Taming SAP Licensing – Conquering Overly Complicated Licensing

By Chris Hughes, Flexera Software

A recent SAP User Group survey found that 95% of SAP users think that the company’s software licensing is ‘overly complicated’ as discussed in the ComputerWorld UK article (1). The survey was conducted by the UK & Ireland User Group and questioned 336 SAP users across 150 organizations. The article goes on to say that “67 per cent of users […] have found it increasingly difficult to keep track of license usage” and that “89 per cent of users would like to see SAP offer software that is only limited by one license or usage metric.”

Philip Adams, vice chairman of the UK & Ireland SAP User Group, is quoted as saying—“I would say licensing is a top five priority for our users at the moment. I am hearing lots of noises [from SAP], but am seeing very little action.”

SAP licensing is increasingly difficult to manage and optimize, and could be costing many organizations a small fortune. This is particularly evident when considering SAP named user licenses and the inaccuracies and inefficiencies that can arise. Every person who interacts with SAP data directly through an SAP application or indirectly through a 3rd party application, web portal, etc. requires a named user license. There are many different categories or classifications of users—from Developers and Professional Users to Employee Self-Service and Test users. Users are categorized based on their working roles and features of the SAP software that they are permitted to use. In most organizations this is a manual process, not based on actual usage of the system. It’s often difficult for the SAP administrator to determine the most appropriate license type for a given user, so it’s a ‘best guess’ approach.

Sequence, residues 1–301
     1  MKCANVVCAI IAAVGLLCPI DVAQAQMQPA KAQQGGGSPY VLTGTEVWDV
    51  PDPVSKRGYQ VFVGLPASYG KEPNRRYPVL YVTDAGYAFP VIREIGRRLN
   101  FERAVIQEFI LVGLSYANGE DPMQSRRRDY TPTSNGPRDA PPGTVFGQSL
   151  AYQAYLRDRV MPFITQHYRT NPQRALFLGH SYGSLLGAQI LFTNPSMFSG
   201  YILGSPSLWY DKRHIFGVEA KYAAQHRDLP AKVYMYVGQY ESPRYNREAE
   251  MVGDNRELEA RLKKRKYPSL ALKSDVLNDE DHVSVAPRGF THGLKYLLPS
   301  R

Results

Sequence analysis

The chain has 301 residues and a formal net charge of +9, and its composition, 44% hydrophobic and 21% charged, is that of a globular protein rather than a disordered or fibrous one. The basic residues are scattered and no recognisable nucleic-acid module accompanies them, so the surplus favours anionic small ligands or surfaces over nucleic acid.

When optimizing SAP named user licenses, the first step is to identify users who have not logged in or run any SAP transactions for a significant period of time. Seasonal usage aside, these users can often be retired and their licenses reharvested to forestall additional purchases.

A further reduction in named user licenses can be achieved through identification of duplicate users. Each SAP user requires a single named user license regardless of how many SAP systems they use and how many user accounts they have. Duplicate users occur when a single user has accounts on multiple SAP systems but SAP is unable to determine that these accounts belong to the same person. SAP combines user accounts based on a single field such as user name or email address, and if the chosen field does not adhere to a consistent naming convention across all SAP systems then some users will not be accurately consolidated and as a result will be licensed multiple times. This occurs in many organizations to some extent, and can be magnified by M&A activity where username and email address naming conventions have changed.

Detection of duplicate users requires user records of a high quality and completeness. At a minimum, one user field should be reliably populated in addition to the field used by SAP to combine users. However, the more available fields the more comparisons that can be done. Completeness of user data can be improved through manual population of empty fields, and data quality can be improved by validating field values against company naming conventions.

A long term approach should consider a central user management solution to improve consistency of user fields. SAP provides both Central User Administration (CUA) and Identity Management (IDM) for this purpose.